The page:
Tips for interviewing undergraduates for research

by Michael Ernst (
July, 2004

This document collects some common-sense rules for interviewers. It is particularly aimed at graduate students who wish to hire an undergraduate researcher (also see my notes on collaborating with undergraduates in research), but most of the ideas are generally applicable. Different people find that different interviewing styles work for them; you should consider these tips, then apply them as appropriate. Additions, corrections, and pointers to other resources are gratefully accepted.

Preparing for the interview

Before the interview, I ask the candidate to provide a resume, grade report, code sample, and writing sample. I find that these help me to get an impression of the person's interests and abilities. (This also weeds out some people who don't care about the position enough to provide the info.)

Talk to the student's TA in any relevant class, and ask for a recommendation (especially if the class is still ongoing and so the student has not yet received a grade). For instance, would the person make a good undergraduate researcher? Is the person one of the top 3 or 4 in the recitation?

I send the candidate a summary of potential research projects, to help them understand my current interests and needs. Their work will likely be related to one of those areas.


Avoid any candidate who didn't score near the top of the relevant classes. As a corollary, avoid students who have not yet taken the relevant classes. (For my research group, this is CSE 331 at UW.) A student who is not well-prepared won't be able to make good progress in the research, which will mean more time, effort, and frustration for everyone. You will find yourself tutoring the student in material that is more efficiently conveyed in a class. It is a service to the student to ask him/her to focus on classes for one more term, and then to do research when he/she has the time and skills. It's OK to interview someone who is currently taking the class, to start research when the class ends.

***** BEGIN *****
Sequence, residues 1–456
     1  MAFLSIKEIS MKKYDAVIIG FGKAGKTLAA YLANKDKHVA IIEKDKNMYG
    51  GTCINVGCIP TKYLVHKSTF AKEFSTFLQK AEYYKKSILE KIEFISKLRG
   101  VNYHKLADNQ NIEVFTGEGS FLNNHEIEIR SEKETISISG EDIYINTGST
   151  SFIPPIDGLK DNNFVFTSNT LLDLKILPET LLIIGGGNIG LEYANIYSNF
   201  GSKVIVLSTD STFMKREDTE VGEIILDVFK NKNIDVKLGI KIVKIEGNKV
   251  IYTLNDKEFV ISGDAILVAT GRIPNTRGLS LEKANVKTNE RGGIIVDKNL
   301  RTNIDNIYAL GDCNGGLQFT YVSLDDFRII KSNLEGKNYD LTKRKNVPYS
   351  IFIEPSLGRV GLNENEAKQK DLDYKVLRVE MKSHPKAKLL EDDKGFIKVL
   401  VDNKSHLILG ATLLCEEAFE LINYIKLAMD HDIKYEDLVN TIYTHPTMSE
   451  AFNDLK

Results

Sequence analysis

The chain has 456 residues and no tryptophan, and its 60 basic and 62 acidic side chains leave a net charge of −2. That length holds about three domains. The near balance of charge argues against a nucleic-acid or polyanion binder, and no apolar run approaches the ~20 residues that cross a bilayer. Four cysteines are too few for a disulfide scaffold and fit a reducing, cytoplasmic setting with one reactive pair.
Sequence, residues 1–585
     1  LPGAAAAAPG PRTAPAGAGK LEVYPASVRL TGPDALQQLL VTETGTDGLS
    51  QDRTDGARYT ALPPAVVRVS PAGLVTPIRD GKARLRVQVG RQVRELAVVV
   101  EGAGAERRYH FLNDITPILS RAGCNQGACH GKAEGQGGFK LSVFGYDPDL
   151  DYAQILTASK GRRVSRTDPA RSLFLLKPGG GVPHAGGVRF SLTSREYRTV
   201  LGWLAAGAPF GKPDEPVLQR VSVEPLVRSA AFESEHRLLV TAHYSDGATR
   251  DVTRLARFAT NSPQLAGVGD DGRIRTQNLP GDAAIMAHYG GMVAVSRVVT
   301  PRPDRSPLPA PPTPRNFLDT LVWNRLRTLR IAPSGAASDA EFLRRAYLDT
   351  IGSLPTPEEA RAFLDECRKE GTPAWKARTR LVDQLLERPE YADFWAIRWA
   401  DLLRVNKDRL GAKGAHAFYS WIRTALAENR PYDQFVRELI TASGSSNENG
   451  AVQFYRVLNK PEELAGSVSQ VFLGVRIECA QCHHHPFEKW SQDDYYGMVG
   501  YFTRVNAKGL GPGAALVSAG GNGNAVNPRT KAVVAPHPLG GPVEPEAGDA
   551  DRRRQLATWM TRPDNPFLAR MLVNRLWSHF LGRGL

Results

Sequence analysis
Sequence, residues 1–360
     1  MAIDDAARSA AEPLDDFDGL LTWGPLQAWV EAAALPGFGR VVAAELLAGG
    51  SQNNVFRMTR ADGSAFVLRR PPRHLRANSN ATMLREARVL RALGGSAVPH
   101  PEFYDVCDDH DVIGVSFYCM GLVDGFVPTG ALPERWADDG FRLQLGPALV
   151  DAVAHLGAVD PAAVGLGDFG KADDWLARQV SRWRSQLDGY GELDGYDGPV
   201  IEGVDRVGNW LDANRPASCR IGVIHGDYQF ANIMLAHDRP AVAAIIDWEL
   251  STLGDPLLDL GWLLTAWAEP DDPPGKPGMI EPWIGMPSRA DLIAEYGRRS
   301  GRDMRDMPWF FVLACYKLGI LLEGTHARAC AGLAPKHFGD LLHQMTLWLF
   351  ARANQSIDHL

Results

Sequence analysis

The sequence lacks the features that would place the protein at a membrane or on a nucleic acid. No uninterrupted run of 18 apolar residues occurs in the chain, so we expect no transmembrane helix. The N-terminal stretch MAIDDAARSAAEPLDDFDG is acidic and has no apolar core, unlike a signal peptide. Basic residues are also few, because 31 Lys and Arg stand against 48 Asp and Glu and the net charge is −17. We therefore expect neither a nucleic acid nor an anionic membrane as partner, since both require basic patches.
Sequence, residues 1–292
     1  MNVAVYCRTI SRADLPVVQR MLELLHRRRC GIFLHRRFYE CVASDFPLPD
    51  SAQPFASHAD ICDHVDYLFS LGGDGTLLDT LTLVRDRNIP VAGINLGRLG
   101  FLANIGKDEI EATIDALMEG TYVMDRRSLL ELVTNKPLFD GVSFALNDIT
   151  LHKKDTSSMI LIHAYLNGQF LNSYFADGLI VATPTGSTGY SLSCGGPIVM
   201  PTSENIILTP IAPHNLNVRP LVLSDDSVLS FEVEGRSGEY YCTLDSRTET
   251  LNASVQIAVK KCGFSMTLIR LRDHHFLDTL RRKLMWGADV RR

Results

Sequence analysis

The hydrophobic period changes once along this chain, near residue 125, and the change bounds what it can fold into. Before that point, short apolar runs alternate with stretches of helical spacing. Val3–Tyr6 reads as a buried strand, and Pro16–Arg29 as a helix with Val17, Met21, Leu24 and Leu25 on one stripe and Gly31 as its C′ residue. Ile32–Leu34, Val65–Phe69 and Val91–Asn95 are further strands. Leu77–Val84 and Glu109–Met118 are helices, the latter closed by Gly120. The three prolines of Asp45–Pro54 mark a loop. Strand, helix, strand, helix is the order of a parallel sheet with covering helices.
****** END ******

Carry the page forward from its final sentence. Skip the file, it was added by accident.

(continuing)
There are exceptions, such as when a student has extraordinary experience or an excellent story about why they didn't excel in the class, but these should be rare.

At the interview

The goal of an interview is twofold: to learn about the candidate, and to let the candidate learn about you and the research.

You want to learn the following facts about the candidate, in order of importance:

Communication is most important because if there is someone who cannot explain his work, including both successes and problems, then you cannot understand it either and they might as well not even be working with you.

Intelligence is next most important, because a smart person can pick up new skills, is fun to work with, and is most likely to achieve a lot. Furthermore, it is extremely unlikely that anyone already has exactly the skill set that you need, and many people eventually work on something other than their initial project.

Especially for a short-term project, or one that requires use of a particular programming language or toolset, knowledge of specific tools may be a prerequisite. Hiring the best person for the job is more important than their year in the undergraduate program. However, all other things being equal, younger is better — the younger person will continue to improve, and will have a longer tenure in the job.

I do not have a specific script that I follow in each interview. Rather, I have a set of general questions and then let the conversation flow to learn what I can about the candidate.

One revealing question is what the candidate is interested in (enjoys, is passionate about), and why; when some topic fits in the intersection of a person's competence and interest, then the person usually does very well at it.

I also like to ask the student to explain a previous project. If they can explain something technical, explain why it is interesting, and answer detailed questions about it, then they both understand it and can communicate; those are the two key intellectual facilities and can usually be transferred to another topic, such as programming.